5 factors that predict the success of relationships (and why love is not one of them)

5 factores que predicen el éxito de las relaciones de pareja (y por qué el amor no es uno de ellos)

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The heart may have reasons that reason does not understand, but that has not stopped scientists from trying to find the secret of happiness in relationships.

And thanks to the help of artificial intelligence, an international team of 85 researchers believes they have identified the main factors behind a satisfying relationship.

The study – the largest of its kind to date – used machine learning algorithms to analyze the cases of nearly 12,000 pairs contained in 43 databases from 29 different laboratories.

“Basically we analyzed all the information we could find on the subject,” he told BBC Mundo. Paul W. Eastwick, professor of psychology at the University of California (USA) and one of the coordinators of the research.

And one of its main conclusions is that the characteristics individual They are not as decisive in predicting the success of a relationship as the judgments one makes about it.

In fact, according to the study, there is nothing more important to the success of a relationship than the conviction of that the other member of the couple is engaged with the same.

Another important predictor is the level of intimacy: in Eastwick’s words, “that feeling that your partner understands you and really understands who you are.”

And among the top five “Relationship-specific predictors” There is also the level of gratitude or recognition, one’s own sexual satisfaction and the perception of satisfaction with the relationship that the other member of the couple has.

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Interestingly, love is not in the “top 5” of success factors.

“People’s own judgments about the relationship itself, such as how satisfied and committed their partners felt they were, or how grateful they felt toward them, roughly explained 45% of your satisfaction“Is the summary of the main findings of the study published in the August issue of the journal Proceedings of the National Academy of Sciences of the United States of America, PNAS.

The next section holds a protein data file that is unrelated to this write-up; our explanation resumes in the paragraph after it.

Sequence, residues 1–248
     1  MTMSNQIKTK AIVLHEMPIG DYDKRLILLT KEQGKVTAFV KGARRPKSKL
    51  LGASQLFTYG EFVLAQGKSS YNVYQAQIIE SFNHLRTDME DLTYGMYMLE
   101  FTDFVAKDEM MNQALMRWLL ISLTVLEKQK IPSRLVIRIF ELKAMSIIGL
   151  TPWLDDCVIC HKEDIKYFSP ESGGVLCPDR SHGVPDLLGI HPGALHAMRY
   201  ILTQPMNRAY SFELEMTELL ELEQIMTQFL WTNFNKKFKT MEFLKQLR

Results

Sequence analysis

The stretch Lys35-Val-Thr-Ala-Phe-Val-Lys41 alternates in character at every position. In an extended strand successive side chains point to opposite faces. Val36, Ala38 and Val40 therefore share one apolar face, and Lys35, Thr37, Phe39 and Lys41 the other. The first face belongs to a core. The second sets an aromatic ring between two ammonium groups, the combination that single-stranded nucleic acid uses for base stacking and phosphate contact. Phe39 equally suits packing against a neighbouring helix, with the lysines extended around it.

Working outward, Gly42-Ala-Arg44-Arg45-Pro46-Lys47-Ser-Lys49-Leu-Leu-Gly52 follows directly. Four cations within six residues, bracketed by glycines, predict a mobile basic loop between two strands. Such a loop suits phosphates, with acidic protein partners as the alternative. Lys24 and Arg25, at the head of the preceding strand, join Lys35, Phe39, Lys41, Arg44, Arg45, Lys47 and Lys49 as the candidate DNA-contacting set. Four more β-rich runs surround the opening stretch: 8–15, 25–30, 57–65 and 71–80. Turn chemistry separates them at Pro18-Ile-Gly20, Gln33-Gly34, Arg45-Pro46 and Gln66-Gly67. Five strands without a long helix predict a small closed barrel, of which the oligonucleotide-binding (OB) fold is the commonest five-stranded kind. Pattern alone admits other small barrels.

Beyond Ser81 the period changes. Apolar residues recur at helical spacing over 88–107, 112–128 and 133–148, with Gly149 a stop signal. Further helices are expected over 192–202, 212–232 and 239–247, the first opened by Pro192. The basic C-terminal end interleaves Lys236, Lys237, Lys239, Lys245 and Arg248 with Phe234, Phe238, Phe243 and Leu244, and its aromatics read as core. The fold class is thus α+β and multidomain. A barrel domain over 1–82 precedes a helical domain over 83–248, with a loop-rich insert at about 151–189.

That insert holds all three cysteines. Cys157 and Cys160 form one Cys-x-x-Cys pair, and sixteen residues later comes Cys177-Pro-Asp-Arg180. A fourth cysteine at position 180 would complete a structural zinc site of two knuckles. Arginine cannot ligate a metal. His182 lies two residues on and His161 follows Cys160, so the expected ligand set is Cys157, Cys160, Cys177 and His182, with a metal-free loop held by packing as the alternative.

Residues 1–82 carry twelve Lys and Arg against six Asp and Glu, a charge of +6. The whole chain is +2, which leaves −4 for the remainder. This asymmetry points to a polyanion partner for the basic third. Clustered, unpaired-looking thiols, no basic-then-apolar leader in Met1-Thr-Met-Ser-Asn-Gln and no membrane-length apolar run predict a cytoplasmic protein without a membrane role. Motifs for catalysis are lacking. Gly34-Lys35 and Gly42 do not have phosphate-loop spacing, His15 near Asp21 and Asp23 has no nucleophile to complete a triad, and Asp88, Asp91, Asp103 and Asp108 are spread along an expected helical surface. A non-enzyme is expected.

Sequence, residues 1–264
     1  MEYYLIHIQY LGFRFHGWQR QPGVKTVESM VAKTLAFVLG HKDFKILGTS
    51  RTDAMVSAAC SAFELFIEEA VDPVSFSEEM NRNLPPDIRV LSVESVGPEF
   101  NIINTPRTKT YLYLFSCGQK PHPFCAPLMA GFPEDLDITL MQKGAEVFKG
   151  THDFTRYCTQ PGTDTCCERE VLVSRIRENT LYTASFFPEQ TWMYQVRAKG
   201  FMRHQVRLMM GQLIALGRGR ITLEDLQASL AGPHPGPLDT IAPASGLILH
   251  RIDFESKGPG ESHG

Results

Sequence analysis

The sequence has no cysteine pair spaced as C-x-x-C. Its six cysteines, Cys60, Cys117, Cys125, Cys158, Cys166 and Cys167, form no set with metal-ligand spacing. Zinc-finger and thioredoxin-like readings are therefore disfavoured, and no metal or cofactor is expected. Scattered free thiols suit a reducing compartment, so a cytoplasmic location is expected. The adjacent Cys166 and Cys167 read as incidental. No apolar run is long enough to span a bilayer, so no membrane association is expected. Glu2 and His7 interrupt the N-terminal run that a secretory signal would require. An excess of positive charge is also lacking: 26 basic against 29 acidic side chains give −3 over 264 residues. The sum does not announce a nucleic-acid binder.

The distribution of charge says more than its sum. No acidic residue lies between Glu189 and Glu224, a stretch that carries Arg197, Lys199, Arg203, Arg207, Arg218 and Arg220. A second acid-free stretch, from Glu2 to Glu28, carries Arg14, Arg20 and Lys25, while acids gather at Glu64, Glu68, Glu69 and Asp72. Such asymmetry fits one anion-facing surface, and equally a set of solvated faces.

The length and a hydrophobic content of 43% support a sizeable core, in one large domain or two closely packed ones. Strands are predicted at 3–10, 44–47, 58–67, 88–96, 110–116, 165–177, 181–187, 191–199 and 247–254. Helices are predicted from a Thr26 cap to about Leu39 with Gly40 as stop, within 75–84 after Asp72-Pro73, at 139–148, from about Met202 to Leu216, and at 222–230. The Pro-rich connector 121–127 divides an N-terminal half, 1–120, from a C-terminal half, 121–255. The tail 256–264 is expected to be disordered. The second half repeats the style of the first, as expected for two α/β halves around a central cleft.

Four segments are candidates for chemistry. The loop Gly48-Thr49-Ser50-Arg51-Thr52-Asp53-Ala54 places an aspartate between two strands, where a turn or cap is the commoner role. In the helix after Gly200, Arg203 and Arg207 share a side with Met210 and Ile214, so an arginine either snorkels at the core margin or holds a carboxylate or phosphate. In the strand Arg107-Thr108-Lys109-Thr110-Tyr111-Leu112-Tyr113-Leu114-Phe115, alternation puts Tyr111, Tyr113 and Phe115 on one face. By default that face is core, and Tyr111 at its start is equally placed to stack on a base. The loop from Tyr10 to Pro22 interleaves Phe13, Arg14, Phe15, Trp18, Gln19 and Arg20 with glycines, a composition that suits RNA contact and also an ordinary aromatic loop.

In contrast, individual differences only accounted for 21% of the satisfaction in the relationships analyzed.

Distal factor

“Individual predictors have to do with what you think about yourself and, in principle, they are independent of any relationship; for example, what we usually call personality or the abstract ideas that one may have about how they would like their romantic partner to be, “explains Eastwick.

Couple

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What you think of yourself is not as important as what you think of the other.

“In contrast, relationship-specific predictors are constructs that require us to think about a particular person, usually our partner: this is a person I can trust, someone I love, someone who appreciates me… And they have two or three times more impact when it comes to predicting how satisfied you are with the relationship than individual differences, ”he told BBC Mundo.

This does not mean that the individual differences – which include among their main predictors life satisfaction, negativity, depression, and attachment problems– do not play a role in the happiness of a couple.

But, as Eastwick explains, they do it above all by mediating one’s own experience and conditioning the judgment that one can make of the relationship, which is what ends up being important.

“For example, if I am a misanthrope then the chances are that I do not trust people and therefore I can’t be happy in my relationship, ”illustrates the professor at the University of California at Davis.

But for the success of the relationship the key factor is not so much misanthropy, which would be a distal factor, as trust, an important predictor that, as loveIt did not reach the “top 5” but did reach the “top 10” in terms of importance.

Was that relatively low ranking a surprise to the researchers?

Love

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Love is what you are looking for.

“Love actually did very well, what happens is that it is something so close to satisfaction, to what we were trying to predict, that in many cases we did not even include it as a candidate,” explains Eastwick.

“In other words, it’s not that it doesn’t matter, it’s that it’s essentially what we were looking for“, He tells BBC Mundo.

And the psychologist also insists that the fact that the study speaks of “predictors” does not mean that they feel capable of predicting the future.

“We are not fortune tellers,” he says. “But the aspects of relationships that we highlight are things one can work on and improve and thus improve their relationship in the present ”, he concludes.


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